Lonely star

Words: 501-600

Skills: Context Clues Story Elements Summary Theme

Grades: 4th 5th 6th

Topics: Science Fiction / Fantasy

Genres: Prose

Lexile Range:

Lexile Measure:

CCSS: Reading: Literature

Themes:

Lonely Star


by RV Staff Writer J.C.

Astrid is a young star pretty much all alone in her part of the galaxy. She would love to have some friends but nobody is close enough to talk to for long. Students will read a story about this familiar star and answer questions on the language, the theme, and details and infer the identity of the lonely star.

Reading Comprehension Passage

Lonely Star

by RV Staff Writer J.C.
Astrid was only three hundred years old, and therefore, still just a kid when it came to the heavenly bodies in her galaxy. It was quiet out in space, and Astrid’s neighbors were light years away; much too far to be able to have a conversation, let alone become friends.

She was a beautiful star, twinkling so prettily that she was admired from afar by the populations of animals and humanoids and alien beings on the planets far below her, but the truth was, she was lonely.

Every few decades, somebody might pass by, and Astrid would feel hopeful. A long time ago, a satellite went sailing past her, but when she called out a happy greeting, it answered her gruffly in Russian and continued on its way.

The only thing close to a friend she’d had was a comet who would come close enough during her orbit to talk for a short while. Her name was Halley but she only came by every 79 years or thereabouts, so it was a long time between visits. Astrid missed her.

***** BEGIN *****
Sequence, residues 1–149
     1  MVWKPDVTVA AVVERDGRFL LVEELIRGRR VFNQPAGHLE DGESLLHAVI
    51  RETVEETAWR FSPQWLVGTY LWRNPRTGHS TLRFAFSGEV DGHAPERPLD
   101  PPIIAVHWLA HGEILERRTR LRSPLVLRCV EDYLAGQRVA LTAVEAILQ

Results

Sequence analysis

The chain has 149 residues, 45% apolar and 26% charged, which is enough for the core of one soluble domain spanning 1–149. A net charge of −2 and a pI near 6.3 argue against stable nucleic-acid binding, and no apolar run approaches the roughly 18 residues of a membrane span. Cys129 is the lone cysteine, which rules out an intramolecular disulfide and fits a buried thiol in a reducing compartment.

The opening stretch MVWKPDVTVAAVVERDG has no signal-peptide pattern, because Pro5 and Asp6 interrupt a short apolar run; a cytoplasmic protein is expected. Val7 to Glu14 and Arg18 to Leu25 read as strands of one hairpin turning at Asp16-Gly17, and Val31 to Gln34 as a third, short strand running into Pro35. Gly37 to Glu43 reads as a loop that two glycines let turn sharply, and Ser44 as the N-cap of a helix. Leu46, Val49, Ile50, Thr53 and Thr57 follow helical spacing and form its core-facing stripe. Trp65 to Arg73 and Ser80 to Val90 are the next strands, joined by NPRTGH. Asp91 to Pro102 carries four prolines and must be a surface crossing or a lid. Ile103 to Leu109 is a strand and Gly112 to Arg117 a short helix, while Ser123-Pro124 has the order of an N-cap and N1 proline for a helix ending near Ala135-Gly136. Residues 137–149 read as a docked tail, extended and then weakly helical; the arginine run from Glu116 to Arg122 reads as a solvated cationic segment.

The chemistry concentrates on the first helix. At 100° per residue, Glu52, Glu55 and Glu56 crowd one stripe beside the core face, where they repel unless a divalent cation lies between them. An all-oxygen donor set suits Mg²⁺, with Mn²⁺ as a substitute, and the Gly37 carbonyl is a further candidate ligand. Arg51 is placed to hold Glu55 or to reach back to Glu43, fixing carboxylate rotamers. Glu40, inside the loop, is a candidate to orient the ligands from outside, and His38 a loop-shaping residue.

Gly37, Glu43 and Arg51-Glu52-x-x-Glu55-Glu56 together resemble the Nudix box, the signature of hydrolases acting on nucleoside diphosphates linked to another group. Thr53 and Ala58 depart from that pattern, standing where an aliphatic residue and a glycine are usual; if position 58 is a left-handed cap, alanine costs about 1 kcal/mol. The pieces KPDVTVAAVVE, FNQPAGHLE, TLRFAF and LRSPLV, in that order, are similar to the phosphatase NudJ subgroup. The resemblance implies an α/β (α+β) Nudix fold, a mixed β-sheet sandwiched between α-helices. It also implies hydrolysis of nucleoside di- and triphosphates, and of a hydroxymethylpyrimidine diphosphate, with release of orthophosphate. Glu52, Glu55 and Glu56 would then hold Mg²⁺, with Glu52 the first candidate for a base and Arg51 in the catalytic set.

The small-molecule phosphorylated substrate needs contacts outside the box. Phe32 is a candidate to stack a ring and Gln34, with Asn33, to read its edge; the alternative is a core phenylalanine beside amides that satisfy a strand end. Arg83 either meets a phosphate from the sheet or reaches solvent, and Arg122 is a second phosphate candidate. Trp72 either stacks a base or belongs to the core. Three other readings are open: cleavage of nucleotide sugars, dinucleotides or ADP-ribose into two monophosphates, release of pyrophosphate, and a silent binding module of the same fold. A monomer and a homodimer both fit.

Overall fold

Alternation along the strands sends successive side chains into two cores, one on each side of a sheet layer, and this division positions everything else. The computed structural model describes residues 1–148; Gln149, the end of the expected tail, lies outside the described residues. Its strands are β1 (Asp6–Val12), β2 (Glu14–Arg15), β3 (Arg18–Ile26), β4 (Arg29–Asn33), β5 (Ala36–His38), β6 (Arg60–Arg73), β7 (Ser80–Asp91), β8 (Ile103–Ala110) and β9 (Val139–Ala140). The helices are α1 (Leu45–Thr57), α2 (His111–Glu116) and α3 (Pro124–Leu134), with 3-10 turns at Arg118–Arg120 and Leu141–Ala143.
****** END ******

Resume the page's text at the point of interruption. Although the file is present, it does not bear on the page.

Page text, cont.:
More recently, a funny-looking fellow with wheels, solar panels and cameras crossed her path, and they chatted briefly while they could. His name was Rover, he’d said, and he was on his way to Mars for an important scientific mission. Astrid had hoped to see him again, but she never did.

The star tried to keep herself busy. She learned several alien languages, she practiced math and physics every day, and she studied the constellations. She also daydreamed a lot, rotating slowly on her axis, humming songs to herself. Her voice was the only thing she could hear in space. The vastness around her was completely silent.

In the distance, a flare of red light was leaving a trail through the cosmos. Astrid perked up. Could that be Halley? Had it been 79 years already? The star glowed as brightly as she could, welcoming her old friend.

Halley finally got close enough to talk. “Good to see you, Astrid!” she called out.

“You too!” called out the young star. “It’s been so quiet around here.” They had a long conversation about all the news in the solar system over the past century. But too soon, Halley had to once again continue on her way. Astrid couldn’t hide her disappointment.

“It’s so long between visits, Halley! I’m going to be lonely again without you.”
 
“Cheer up, Astrid,” said the comet. “I have a thought. I’ve picked up several new meteorites in my tail over the last few decades, and I could shake a few off so they stay in your orbit and keep you company.”

“That would be wonderful!” cried Astrid. She wouldn’t be alone anymore. Halley shook her tail and several large meteorites floated loose and headed toward the star.

“These guys are a lot of fun,” Halley said. “They broke off from the moon near planet Lolliha where those crazy Lollians often visited. So of course, the meteorites learned all the funniest jokes and the best songs. They will be great company for you. See you next century!”

Astrid thanked Halley profusely, and, even before the comet was out of sight, the little star was already giggling at the silly jokes her new friends were sharing.

Passage Only

Reading Comprehension Questions

1.  Describe one of the objects that passed by Astrid over the years.



 2.  What was Halley’s solution for Astrid’s loneliness?



3.  What does profusely mean here: "Astrid thanked Halley profusely"?



4. We know Astrid by another name. What is it?